Watch the video here:

http://www.facebook.com/group.php?gid=186147125309#!/video/video.php?v=1094029805720

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12 Comments leave one →
  1. Priscilla permalink
    October 10, 2010 7:03 pm

    My personal favorite: “Why don’t you also reconsider Thanksgiving day? A day when you are thankful remebering a bunch of sanctimonious people who slaughtered the natives that not even a year before saved them form drowning into their own diarrhea ….”

    Ugh. I’ll have to get that image out of my mind before this year’s Thankgiving dinner, lol.

    • October 10, 2010 7:50 pm

      Priscilla: I’ll probably never look at turkey, cranberry sauce and candied yams the same way again. ;)

      What gets me about all these latter-day accusations is that there’s absolutely nothing we can do at this point to change history. All we can do is feel guilty, which I think is the point of all the accusations. (Well, that and reparations, too.) It’s time these injured souls recognized that they’re Americans, and that we’re all together on this bus trip.

  2. p-brane permalink
    October 11, 2010 12:59 pm

    I would like to point out that what Columbus did wasn’t actually all that impressive. People like to think that what Columbus did was an extraordinary feat of daring done by a navigational genius but the truth is that
    1.) Columbus deliberately fudged the maths about the time it would take to get to the Indies in order to get more of a chance of getting his stuff
    2.) People already knew the earth was round for over a thousand years (and they already knew its rough circumference since 240 b.c. (when Eratosthenes measured its circumference with a margin of error of only 5 to 10%)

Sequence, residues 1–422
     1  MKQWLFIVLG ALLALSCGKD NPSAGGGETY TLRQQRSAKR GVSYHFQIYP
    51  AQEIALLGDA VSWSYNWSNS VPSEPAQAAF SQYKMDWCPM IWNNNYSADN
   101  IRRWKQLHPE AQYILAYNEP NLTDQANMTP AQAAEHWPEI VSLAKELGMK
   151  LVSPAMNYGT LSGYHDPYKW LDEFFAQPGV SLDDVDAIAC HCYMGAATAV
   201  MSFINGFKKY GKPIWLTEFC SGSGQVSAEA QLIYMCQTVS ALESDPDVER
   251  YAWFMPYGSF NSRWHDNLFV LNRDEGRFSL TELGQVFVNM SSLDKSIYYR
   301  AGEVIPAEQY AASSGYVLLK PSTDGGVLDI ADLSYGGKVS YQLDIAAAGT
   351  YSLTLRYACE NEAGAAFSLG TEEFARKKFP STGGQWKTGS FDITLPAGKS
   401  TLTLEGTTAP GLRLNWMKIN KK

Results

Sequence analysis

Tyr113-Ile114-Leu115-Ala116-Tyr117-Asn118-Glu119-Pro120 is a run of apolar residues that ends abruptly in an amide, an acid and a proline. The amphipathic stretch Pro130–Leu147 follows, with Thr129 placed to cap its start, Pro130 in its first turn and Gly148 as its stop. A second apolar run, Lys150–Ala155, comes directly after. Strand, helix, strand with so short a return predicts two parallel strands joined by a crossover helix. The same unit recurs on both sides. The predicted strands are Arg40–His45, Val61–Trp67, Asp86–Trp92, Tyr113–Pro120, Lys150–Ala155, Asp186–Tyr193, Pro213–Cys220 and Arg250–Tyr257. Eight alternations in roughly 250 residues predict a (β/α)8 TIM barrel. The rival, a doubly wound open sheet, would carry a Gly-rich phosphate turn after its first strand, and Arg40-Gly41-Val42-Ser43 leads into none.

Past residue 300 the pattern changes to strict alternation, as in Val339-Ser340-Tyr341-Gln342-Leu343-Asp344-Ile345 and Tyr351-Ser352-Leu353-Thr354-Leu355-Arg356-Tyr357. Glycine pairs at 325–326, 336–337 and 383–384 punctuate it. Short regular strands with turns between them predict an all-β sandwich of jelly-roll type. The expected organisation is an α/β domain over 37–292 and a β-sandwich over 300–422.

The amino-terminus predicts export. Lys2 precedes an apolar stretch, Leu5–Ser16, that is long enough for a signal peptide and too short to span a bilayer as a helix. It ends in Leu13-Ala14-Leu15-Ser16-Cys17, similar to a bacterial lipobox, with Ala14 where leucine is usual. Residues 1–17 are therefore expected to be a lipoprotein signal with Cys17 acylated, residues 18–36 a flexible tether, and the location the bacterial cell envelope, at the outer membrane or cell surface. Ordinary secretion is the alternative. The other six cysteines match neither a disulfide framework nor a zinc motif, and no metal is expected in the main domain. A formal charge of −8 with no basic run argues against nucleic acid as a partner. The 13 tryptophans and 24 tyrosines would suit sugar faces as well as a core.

3.) The Portugese were already sailing to within a couple hundred miles of Brazil for years (to catch favorable winds to India) and it was only a matter of time before one sailed a bit too far and discovered it that way. Indeed, it might be possible the Portugese landed on Brazil before Columbus did (though no evidence for this has been found yet)

    While Columbus’s bad treatment of the natives may be ignored to a point (the 15th century was, after all, not a terribly enlightened period) I also think he shouldn’t have a freaking holiday named after him!

    • p-brane permalink
      October 11, 2010 2:18 pm

      By “his stuff”, I wanted to say “ships and funds to sail to China. Sorry about not clarifying that.

    • October 12, 2010 10:54 am

      p-brane: You make some intelligent objections to the notion that Columbus was a brilliant and indispensable historical personage, but of course my point of view is more moderate:

      1) We really don’t know for sure if Columbus deliberately underestimated the proposed distance of his voyage. Queen Isabella just might have been generous in granting his request… she knew his exploration would enhance Spanish wealth and prestige if it succeeded, and was willing to take the risk.

      2) True, but did they know the length of Asia in Columbus’s day? For all they knew, it might have extended all the way to the western shores of the Atlantic, flanked by island chains that no European had seen. (That’s what Columbus believed, anyway.